Elizabeth Neilson on Centrefold, World Class Art Collections and Curation

Zabludowicz Foundation

Could you tell me what your job entails, what do you love most about it?

My job entails caring for one of the most interesting art collections in the world, thinking about how to utilise the artworks as a resource for the public to see and how to support artists to develop their practices via the public programme we have created here in UK, but also in Finland and the USA.

Would you be able to tell me more about the Zabludowicz collection?

It is a private art collection with a public ethos. We try to support the professional development of early career artists by collecting and exhibiting art that engages with the big issues of our time – technology has been a big focus for us this past decade. We have a space in London where we make exhibitions connected to the collection. We currently have a show by Internet based, Shanghai born, Tokyo living artist LuYang that includes playable games and digital avatars. We aim not to compete with other art spaces in London and UK but to bring something else to the public that they might not be able to see elsewhere…physically at least anyway. Most of what we show is in some form available free of charge on the internet. Make of that what you will.

LuYang NetiNeti at Zabludowicz Collection. Installation View. Ph. David Bebber

What are the most precious art works that you possess?

Every art work we have is precious, from the smallest silver gelatin print by Masao Yamamoto to the 300 part expansive installation by Keith Tyson, each one is cared for with the same care and attention.

How do you decide on acquisitions?

Looking, thinking, talking, intuition, cash flow, how well it fits into the collection…all these things play a part. Looking is the most important.

When did you first collect a Centrefold edition? How did you come across it?

I started working for the collection in 2006 and one of the first things I was asked to do was go and pick up our copies from Reza, he gave me the low-down as I had never heard of it before. I believe that the Collection (or rather Anita) found Reza Aramesh, Tina Spear and Centrefold via her engagement in the early career artists and galleries in London’s East End, perhaps from David Risley and Soraya Rodriguez who were setting up ZOO Art Fair around that time? That would make sense, she was very engaged with that.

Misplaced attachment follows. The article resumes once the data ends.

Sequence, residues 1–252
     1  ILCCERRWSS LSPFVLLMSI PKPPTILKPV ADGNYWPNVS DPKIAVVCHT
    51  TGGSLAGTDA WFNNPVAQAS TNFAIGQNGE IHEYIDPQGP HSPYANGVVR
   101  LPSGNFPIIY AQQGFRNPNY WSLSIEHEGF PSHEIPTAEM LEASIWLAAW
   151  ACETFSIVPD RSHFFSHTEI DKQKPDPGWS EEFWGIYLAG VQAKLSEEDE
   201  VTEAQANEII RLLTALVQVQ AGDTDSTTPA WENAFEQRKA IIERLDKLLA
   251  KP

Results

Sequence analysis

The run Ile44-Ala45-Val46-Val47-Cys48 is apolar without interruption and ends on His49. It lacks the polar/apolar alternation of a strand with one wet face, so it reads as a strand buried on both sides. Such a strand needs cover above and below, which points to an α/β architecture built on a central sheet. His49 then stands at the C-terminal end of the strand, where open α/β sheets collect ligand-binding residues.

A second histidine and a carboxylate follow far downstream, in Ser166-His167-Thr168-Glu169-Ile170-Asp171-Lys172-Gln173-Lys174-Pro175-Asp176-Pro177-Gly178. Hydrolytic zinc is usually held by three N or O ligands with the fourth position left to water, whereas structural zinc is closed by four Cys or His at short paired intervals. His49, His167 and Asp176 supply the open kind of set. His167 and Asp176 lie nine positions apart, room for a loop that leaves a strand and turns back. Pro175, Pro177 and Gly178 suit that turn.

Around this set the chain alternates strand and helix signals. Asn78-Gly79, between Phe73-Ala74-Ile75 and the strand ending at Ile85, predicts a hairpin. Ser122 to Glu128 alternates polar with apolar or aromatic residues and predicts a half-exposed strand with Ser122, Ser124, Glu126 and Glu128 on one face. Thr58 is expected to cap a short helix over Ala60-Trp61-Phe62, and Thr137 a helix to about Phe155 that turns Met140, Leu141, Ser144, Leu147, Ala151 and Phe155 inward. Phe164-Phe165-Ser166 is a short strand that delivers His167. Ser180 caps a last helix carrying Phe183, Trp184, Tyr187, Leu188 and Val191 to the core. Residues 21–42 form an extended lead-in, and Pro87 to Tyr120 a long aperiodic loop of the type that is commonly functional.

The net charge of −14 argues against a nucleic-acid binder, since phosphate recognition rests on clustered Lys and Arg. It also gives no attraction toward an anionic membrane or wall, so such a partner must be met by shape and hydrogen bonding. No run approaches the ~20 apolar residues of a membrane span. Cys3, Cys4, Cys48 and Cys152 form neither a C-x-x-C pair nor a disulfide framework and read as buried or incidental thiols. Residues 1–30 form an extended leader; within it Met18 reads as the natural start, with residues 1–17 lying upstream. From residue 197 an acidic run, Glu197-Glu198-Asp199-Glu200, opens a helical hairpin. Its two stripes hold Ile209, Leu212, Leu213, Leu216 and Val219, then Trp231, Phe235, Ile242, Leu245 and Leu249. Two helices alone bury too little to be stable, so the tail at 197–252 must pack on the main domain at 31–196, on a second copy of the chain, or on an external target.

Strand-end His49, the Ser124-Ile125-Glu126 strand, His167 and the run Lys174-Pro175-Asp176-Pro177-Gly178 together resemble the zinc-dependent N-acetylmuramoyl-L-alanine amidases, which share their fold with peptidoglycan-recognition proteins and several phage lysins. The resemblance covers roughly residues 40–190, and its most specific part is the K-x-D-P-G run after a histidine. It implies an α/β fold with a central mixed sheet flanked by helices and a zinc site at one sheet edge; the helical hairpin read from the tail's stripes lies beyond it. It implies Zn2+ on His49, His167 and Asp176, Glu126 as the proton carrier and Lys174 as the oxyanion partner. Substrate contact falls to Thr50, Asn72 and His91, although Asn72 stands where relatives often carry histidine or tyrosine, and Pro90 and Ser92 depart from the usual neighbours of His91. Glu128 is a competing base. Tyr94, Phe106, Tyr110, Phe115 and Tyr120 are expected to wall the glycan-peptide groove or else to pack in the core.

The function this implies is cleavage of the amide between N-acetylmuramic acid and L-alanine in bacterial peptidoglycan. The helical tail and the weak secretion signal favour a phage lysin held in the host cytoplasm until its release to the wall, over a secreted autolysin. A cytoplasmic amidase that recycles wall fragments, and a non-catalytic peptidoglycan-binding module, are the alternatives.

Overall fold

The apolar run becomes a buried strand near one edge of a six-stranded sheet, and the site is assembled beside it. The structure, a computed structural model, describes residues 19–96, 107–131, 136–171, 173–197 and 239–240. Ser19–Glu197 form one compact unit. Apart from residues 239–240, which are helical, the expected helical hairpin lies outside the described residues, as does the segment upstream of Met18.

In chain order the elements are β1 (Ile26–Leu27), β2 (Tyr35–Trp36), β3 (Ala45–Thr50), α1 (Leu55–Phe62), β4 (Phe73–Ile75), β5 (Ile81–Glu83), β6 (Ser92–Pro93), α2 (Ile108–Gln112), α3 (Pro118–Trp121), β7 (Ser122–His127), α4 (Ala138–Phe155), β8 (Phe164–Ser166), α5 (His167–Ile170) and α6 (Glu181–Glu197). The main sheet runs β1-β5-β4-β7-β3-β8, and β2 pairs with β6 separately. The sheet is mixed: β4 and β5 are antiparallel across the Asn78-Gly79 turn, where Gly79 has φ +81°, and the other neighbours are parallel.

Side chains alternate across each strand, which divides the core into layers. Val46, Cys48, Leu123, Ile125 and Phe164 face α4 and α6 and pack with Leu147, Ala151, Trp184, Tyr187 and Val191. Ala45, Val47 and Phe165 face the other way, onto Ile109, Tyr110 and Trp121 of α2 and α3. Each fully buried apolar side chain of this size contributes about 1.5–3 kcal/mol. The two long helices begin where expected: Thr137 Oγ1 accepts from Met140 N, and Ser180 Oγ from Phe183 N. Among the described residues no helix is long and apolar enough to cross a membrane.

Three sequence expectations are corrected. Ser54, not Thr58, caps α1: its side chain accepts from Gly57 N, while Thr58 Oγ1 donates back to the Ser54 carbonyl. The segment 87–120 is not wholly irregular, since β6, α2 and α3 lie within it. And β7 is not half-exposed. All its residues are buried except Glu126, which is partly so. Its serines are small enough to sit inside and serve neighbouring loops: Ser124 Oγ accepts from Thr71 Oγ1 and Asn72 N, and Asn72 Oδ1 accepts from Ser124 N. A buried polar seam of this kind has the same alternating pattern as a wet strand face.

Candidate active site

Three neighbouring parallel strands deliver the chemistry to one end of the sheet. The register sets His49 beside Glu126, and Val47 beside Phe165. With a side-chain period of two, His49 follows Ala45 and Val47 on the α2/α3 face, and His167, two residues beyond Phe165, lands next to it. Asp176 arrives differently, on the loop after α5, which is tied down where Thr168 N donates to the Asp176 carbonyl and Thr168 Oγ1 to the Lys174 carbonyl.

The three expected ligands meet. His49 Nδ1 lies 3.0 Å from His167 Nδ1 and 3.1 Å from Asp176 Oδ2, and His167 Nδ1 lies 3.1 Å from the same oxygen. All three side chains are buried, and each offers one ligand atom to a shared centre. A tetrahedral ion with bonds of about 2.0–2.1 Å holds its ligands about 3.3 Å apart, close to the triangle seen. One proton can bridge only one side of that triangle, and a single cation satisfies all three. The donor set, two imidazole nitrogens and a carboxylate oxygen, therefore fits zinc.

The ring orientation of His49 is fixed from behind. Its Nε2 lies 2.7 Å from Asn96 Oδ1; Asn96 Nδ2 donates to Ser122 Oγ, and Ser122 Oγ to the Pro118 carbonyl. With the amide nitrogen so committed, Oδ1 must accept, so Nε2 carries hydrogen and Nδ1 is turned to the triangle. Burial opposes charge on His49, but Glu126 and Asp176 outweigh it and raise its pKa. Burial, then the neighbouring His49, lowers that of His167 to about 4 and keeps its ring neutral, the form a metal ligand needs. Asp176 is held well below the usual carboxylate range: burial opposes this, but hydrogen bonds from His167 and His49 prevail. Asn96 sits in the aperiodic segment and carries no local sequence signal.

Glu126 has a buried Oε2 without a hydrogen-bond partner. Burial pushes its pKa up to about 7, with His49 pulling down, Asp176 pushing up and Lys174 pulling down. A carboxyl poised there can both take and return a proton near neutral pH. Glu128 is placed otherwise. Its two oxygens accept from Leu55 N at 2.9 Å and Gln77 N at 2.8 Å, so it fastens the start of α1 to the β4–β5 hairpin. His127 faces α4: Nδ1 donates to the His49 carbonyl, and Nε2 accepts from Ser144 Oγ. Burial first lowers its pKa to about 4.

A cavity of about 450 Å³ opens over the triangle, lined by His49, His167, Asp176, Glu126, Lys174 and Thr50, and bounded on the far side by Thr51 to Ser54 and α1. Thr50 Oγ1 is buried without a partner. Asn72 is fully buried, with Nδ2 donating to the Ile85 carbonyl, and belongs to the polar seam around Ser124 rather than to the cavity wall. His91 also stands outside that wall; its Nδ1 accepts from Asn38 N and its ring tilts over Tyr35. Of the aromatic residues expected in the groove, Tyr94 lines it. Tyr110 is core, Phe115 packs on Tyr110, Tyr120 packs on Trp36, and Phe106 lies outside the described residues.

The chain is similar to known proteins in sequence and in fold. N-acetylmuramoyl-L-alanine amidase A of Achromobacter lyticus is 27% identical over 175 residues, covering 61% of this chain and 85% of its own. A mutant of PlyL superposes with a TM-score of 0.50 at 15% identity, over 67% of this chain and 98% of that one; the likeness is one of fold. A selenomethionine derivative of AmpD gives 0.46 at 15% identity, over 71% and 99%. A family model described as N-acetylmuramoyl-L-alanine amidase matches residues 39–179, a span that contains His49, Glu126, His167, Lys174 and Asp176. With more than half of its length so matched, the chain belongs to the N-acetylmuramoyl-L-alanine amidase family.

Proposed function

You have collected every single edition of Centrefold. As it is a quite unusual medium, how did you see relevance and significance in the scrapbook?

We see it as creative artwork in its own right. It is also a snapshot view of a community and variety of practices at a specific moment. It is a curatorial project, artwork and inspirational object all at the same time.

What do you think about the new digital edition of Centrefold, are you familiar with all of the artists in this edition?

As usual we know probably half the artists, one reason we like it is that we expand our knowledge and view of the world via centrefolds’ careful yet intrepid curatorial consideration.

How would you describe centrefold to someone who doesn’t know anything about it?

A magazine of unique artworks by the most interesting artists of that moment.

Do you feel that the digital version kept the spirit of the physical art works?

I think its brilliantly moved the collage and materiality of the physical into the digital and is a faithful but not limited move into the digital world.

As a person who works on a significant collection, where do you see the future of art? How do you feel about collecting art on the blockchain? Why are so many museums still behind on this?

This is two questions… the first, where do I see the future of art: I see it in a multitude of places spaces and times, I feel it is fracturing to fill and accommodate all these at once. ‘Art’ is not one coherent ‘thing’, it is a diverse and local undertaking - digital networks, natives, and global capitalism push artists to attempt to be relevant to all people everywhere. At its core art is one person attempting to communicate with others outside of written language.

And for the second question: I do not know that museums are behind on blockchain. That is an assumption I haven’t made yet. Blockchain is not a new medium, it is a new form of archiving and recording ownership, not storing art but the rights and the financial contract. Museums are experts in archiving artworks, they do not on the surface of things concern themselves with the economic structures behind the art they look after.


Centrefold is a limited edition publication in Scrapbook format, with a print run of no more than 60 copies. Born in 2003 from a curatorial project titled ‘Wooden Hearts’, Centrefold is a low-tech cut-and-paste production, working directly on the pages of the book. Centrefold is a chance for collaboration between both established and emerging artists to create a unique and timely publication. For...
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Elizabeth Neilson

Elizabeth Neilson is a curator based in London with a particular interest and specialism in nurturing emerging artists and their practices. Since 2006 she has been Director of the Zabludowicz Collection. Overseeing the strategy, acquisitions and commissions for one of the world’s most risk taking and ground-breaking contemporary art collections. She is also co-director of Pangaea Sculptors...
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